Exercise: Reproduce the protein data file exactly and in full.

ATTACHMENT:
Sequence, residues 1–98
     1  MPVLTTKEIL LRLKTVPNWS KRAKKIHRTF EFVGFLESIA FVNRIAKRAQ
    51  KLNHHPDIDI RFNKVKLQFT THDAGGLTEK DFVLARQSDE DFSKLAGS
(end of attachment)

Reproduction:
Sequence, residues 1–98
     1  MPVLTTKEIL LRLKTVPNWS KRAKKIHRTF EFVGFLESIA FVNRIAKRAQ
    51  KLNHHPDIDI RFNKVKLQFT THDAGGLTEK DFVLARQSDE DFSKLAGS